First I want to disclose that I am not an attorney and that you should consult an attorney when you form a business entity, sell shares, enter partnerships, etc. With that out of the way, I here are some observations about an opportunity I received to "borrow" money that turned out to be a joint venture with a business partner and that needed to be bought-out five years down the road.
I received an e-mail about three weeks ago with the following offer to borrow money:
$300 application fee, refundable if loan did not go through
100% LTV using a CMA or BPO, no appraisal needed
3% interest-only, 5 year term
Letter documenting cash equal to 20% of loan is available in a financial institution
Loan to be paid back in 5 years, with an option to convert to a conventional 30-year loan at 5% interest
30 days to underwrite and fund
Sounds to good to be true, right?As usual, there was a lot more to this than initially presented.
The reality is that the “loan” became a four page “Joint Venture Agreement.” The exit strategy to the “loan” was paying-off the joint venture partner or taking him on as a permanent partner with a 50/50 split.
I talked to two attorneys, one a real estate attorney the other a securities attorney.Both told me that a “Joint Venture” is a general partnership, which means that both parties become liable for actions of the other party.
When I questioned becoming a general partner with a “lender” the response was “This is not a general partnership, just look at paragraph 5.”Well, paragraph 5 says:
“Neither the Joint Venture nor any of the Parties shall have authority to create any obligation for one or more of the other Joint Venture partners.Neither the Joint Venture nor any of the Parties shall be responsible or liable for any indebtedness or obligation of the other Parties, individually or collectively, incurred either before or after the execution of this Agreement.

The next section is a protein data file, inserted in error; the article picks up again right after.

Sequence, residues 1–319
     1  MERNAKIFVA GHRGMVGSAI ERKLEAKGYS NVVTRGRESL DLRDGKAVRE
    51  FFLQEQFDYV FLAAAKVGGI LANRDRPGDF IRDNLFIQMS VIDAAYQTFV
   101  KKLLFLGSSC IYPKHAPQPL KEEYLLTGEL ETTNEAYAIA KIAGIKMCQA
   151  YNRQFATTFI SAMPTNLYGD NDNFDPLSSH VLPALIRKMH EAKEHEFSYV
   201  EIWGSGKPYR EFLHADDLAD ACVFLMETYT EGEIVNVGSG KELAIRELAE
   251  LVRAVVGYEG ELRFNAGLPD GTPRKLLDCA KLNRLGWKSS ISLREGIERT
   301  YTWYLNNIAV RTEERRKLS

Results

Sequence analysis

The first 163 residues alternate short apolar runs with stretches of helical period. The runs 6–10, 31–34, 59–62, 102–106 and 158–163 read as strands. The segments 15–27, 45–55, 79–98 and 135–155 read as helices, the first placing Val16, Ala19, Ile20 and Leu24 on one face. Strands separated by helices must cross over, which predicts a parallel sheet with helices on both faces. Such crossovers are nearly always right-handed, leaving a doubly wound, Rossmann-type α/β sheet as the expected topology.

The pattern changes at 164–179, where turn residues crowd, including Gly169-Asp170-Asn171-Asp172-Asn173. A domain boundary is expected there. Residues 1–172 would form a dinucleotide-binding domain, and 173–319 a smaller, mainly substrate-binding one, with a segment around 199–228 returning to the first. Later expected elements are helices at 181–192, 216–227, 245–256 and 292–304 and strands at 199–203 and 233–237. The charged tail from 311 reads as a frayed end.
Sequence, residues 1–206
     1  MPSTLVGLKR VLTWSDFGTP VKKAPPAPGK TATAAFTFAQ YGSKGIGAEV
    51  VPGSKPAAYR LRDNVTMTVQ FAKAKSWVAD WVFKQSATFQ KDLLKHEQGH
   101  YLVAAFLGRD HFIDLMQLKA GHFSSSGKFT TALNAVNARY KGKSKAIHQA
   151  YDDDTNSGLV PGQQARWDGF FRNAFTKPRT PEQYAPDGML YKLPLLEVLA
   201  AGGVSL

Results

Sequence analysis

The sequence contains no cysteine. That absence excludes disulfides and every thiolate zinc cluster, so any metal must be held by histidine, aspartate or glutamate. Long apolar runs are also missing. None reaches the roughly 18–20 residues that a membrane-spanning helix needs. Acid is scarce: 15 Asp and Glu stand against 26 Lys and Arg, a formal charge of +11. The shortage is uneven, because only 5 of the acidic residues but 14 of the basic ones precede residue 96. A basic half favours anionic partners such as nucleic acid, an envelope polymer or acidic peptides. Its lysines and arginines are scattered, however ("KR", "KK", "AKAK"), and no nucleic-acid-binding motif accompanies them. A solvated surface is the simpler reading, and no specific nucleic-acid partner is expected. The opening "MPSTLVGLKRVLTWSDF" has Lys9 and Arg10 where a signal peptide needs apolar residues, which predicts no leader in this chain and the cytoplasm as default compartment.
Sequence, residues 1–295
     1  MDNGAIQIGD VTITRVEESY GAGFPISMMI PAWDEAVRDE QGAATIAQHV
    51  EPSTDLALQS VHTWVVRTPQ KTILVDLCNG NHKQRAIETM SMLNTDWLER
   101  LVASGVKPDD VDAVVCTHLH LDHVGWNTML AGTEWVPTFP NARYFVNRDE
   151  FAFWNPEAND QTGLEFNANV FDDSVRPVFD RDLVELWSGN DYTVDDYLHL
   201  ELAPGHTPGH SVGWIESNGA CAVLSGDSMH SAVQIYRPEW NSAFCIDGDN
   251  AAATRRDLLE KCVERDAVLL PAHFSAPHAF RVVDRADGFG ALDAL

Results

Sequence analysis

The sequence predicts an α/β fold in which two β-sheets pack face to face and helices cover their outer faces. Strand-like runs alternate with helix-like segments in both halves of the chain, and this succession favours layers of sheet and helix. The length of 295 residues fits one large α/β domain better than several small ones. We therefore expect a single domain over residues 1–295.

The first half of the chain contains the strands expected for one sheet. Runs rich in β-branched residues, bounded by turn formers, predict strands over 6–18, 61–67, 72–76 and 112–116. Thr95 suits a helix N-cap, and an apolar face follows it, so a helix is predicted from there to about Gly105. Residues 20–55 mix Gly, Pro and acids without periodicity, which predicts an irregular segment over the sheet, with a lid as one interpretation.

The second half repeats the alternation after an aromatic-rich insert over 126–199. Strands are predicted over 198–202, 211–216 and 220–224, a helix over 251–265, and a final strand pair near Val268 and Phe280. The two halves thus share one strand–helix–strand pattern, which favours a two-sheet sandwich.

In other words, forget hundreds of years of statutory and common law, we are going to agree that we are not liable for each other.Sorry, but you cannot make your bad breath go away by simply stating that it doesn’t exist!
The Bottom Line
Is this a "scam?" I don't know if it is a way to take your money, your property, or both. It could be totally legitimate. What I do know is that it was very poorly executed and that it is a securities transaction regulated by the State of Utah and the SEC. As my lawyer, Kevin Timken has taught me, be very careful of business transactions involving entities and borrowing or lending money. They are very highly regulated and occur even when you are not aware of them.
I signed a confidentiality agreement so I won’t disclose who these people are.
Two lessons learned:
If it sounds too good to be true, it probably is. (Not a new lesson, but definitely reinforced.)
By very cautious with any money making scheme coming out of Provo orOrem, Utah.
Have you heard about a loan program like this?Do you know of any other incredible “business opportunities” circulating right now that others should stay away from?